The Chaos Of Now

Chaos does not show up unannounced and knock loudly at your door like police at a predawn raid. It sneaks up on you gradually. That bruise on your toe seems unimportant, so you do nothing, and it turns out to be cancer, and then you lose your leg. The apartment complex built yards from the ocean has structural flaws, and the concrete degrades, and the problem is discussed without any meaningful action taken, and one night, in eleven seconds, the building collapses.

Chaos is nothing new. Humankind has always experienced disruption caused by food shortages and natural disasters, tribal and military conflicts, pandemics, and economic implosions. We need look no further back than the two world wars of the last century to recognize that much of history is a chronicle of uncertainty, instability, and fear.

The Chaos Of Now

And yet in the last two decades, the sense of chaos has escalated, with society experiencing what can best be described as free-floating anxiety and desolation as we face both existential threats (climate change, COVID-19, societal discord) and, for many, a deeply felt sense of dissatisfaction, unease, and even hopelessness. That anxiety and desolation make the current chaos feel different from that experienced during earlier periods of strife. And it seems inescapable because it isn’t tied to any one event or to a broad social movement. Nor are we receiving blows one at a time. … A person struggling with the pandemic may be further endangered by an immigration status that makes them reluctant to seek medical care. A family fleeing a natural disaster may face racism when attempting to settle in a new spot.


Perhaps more than anything else, the current sense of chaos and discontent stems from a pervasive feeling that, as a society, we are moving in the wrong direction. A 2021 Pew Research survey conducted across seventeen advanced economies found that 64 percent of respondents believe their children will be worse off financially than their own generation. In only two markets—Singapore and Sweden—did an optimistic view win out. Where once the future promised progress, now it is cause for angst.

Compare predictions made at the turn of the twentieth century with what we anticipated in 2000. In 1900, a writer named Thomas F. Anderson interviewed several experts to anticipate what the city of Boston might look like in the year 2000. Some of his predictions, published in The Boston Globe, were prescient, including wireless telegraphy, cooled liquid air (the forerunner of air conditioning), and nighttime baseball games played under the lights. Others—home deliveries via pneumatic tubes, moving sidewalks, the tides of Boston Harbor furnishing the city with heat and light— didn’t come to pass. What is worth noting about these predictions is their optimism and steadfast faith that better times lay ahead. Anderson foresaw a Boston so pristine that the word slum would be removed from local dictionaries. He believed that universal education would uncover genius among the lower classes and that public health would benefit from the absence of soot and smoke.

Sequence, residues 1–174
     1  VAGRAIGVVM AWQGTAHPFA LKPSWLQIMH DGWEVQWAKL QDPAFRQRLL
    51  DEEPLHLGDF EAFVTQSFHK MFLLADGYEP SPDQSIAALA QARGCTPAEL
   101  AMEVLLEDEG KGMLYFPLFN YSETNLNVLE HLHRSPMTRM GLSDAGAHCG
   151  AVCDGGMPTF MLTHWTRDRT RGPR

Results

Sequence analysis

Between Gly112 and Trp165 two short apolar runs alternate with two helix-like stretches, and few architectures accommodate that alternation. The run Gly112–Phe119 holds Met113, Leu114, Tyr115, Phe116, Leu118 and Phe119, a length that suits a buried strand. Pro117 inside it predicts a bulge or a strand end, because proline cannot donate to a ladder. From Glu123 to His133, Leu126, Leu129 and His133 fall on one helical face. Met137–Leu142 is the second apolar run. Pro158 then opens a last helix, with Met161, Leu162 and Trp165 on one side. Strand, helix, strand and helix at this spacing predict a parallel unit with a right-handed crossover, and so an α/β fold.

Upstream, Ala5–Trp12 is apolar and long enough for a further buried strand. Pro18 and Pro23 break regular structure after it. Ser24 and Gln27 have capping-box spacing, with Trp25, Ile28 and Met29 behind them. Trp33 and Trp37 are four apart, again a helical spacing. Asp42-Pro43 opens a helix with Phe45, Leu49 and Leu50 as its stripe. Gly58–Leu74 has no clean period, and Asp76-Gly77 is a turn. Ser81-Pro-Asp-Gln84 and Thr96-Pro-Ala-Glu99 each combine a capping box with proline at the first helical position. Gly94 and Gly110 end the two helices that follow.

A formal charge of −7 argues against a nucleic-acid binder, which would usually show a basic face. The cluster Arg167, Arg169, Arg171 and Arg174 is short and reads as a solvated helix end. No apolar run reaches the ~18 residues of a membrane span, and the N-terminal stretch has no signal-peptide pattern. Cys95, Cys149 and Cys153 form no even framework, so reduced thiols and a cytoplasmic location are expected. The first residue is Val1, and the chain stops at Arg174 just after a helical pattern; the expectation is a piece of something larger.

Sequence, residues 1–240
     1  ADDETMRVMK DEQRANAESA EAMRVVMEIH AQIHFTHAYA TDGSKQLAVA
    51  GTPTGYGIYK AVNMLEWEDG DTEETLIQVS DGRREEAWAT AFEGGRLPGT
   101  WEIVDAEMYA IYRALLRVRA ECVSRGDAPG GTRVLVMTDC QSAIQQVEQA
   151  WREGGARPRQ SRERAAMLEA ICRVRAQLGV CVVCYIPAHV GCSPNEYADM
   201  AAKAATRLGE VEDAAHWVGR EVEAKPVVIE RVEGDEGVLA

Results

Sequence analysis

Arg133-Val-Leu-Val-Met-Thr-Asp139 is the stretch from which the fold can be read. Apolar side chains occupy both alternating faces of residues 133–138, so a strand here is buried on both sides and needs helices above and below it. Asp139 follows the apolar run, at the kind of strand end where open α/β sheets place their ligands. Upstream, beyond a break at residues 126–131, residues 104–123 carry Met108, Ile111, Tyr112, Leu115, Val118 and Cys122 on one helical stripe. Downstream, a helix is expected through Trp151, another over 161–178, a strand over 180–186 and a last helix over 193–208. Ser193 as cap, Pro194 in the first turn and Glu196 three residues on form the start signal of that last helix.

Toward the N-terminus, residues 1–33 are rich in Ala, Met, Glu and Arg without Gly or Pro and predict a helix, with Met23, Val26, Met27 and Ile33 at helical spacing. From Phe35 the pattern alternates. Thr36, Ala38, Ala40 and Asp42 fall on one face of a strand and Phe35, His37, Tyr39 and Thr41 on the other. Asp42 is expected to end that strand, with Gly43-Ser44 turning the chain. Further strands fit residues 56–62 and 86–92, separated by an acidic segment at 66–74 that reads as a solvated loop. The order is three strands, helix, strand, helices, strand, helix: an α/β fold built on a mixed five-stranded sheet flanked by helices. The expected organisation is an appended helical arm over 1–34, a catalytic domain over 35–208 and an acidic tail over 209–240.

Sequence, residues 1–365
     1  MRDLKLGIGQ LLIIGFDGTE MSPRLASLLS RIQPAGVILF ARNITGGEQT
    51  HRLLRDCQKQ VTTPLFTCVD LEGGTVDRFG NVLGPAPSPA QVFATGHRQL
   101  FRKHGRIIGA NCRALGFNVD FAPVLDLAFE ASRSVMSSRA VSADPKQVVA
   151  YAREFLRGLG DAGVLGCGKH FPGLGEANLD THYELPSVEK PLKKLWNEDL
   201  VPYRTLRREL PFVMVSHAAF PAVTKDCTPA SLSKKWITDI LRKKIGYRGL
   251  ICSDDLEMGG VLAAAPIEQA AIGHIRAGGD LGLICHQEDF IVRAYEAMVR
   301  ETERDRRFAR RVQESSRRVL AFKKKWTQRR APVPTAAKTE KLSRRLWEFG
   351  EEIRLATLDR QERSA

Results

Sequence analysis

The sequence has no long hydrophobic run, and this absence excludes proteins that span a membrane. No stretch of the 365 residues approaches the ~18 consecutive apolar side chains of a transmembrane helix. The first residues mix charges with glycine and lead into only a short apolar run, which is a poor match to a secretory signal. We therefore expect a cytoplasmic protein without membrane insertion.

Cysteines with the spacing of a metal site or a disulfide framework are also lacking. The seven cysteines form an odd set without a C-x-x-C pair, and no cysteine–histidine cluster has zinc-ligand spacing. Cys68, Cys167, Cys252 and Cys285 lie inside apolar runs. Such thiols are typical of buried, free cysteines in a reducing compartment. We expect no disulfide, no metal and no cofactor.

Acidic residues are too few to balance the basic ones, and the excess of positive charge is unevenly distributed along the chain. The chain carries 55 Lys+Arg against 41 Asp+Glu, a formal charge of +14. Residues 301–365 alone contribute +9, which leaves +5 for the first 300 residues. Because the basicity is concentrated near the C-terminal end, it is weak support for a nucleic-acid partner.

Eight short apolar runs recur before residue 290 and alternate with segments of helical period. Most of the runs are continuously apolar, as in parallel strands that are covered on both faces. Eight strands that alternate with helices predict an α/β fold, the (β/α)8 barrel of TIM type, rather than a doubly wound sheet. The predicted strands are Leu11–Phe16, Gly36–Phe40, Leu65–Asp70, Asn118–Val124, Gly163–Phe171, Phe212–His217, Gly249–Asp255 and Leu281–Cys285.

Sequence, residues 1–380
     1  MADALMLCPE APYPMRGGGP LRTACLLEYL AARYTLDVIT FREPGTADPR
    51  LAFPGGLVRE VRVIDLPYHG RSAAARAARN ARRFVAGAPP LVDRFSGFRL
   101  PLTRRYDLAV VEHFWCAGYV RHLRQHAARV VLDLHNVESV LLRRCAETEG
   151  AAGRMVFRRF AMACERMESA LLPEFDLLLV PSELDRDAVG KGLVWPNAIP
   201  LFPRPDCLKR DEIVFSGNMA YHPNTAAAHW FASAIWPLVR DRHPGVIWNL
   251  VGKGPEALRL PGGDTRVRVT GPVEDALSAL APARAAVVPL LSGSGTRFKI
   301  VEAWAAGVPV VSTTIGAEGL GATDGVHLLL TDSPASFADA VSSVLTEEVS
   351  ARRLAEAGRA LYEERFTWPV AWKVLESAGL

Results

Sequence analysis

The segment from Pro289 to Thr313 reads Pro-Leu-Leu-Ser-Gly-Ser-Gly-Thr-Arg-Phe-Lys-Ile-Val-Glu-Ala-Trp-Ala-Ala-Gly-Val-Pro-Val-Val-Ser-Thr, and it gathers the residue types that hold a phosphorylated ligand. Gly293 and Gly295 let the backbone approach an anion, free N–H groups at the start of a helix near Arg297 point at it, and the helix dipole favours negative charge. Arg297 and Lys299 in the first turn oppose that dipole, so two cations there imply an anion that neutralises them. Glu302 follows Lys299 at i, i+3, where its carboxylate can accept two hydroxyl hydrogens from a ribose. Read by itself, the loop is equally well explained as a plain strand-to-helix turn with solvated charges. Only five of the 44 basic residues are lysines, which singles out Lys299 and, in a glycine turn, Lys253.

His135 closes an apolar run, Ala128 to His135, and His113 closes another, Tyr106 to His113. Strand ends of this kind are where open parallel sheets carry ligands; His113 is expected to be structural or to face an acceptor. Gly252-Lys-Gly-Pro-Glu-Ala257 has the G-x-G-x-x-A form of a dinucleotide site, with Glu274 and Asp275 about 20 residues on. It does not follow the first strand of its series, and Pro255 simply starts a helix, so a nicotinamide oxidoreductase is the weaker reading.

Contrast Anderson’s rosy predictions with those made in the 1990s about 2020. USA Today put together a collection of these forecasts, and while some were hopeful—rising life expectancy, hydrogen-fueled cars able to operate for months on a single fill-up— the majority were not. Experts predicted the death of books, the loss of privacy, the extension of the standard retirement age to seventy, a rise in global surface temperatures, and heart disease and depression replacing lower respiratory infections and diarrheal diseases as the leading causes of sickness, disability, and death.


This premillennial gloom and doom was in keeping with the zeitgeist of Y2K. Rather than dream of a brighter future, we anticipated crises and calamities aided and abetted by new and unfamiliar technologies.

A critical reason we perceive a higher degree of chaos today is that we don’t feel up to the challenge of meeting current and future crises. When we’re unable to draw strength from a belief in a better tomorrow, how can we find the fortitude to manage existential challenges? What is the point in fighting for change when we have little to no hope that it will make a difference?

This pervasive sense of pessimism is new. To a worrying degree, we wallow in uncertainty and fear—taking tentative steps in what we think might be a better direction but without the drive that comes from confidence. How can we fix this?

One thing we can count on by 2038: intensified and systematic efforts to instill in the younger generation the critical-thinking skills, agility, and resilience that will enable them to discern and combat misinformation and jump from crisis to crisis without succumbing to anxiety or depression. Already, we are seeing programs emerging for use in classrooms and at home. GoZen! offers tools to help parents “raise resilient, happy, inspired, thriving children.” Road to Resilience, launched by the Mayo Clinic in 2020, is a six-week virtual program to help youth combat the effects of adverse childhood experiences. Also in 2020, Janet Borland, an assistant professor at the University of Hong Kong, published Earthquake Children, a book that considers how the aftermath of the Great Kanto Earthquake in 1923 helped to build modern Japan’s infrastructure of resilience and its people’s ability to maintain composure in times of emergency.

We will also see simplicity and “happy time” emerge as luxury items as people seek to escape the chaos. Think: new variations on sensory-deprivation tanks, in-home salt therapy rooms, and sound-healing spas in suburban strip malls. How much would you be willing to pay to leave the chaos behind for sixty minutes?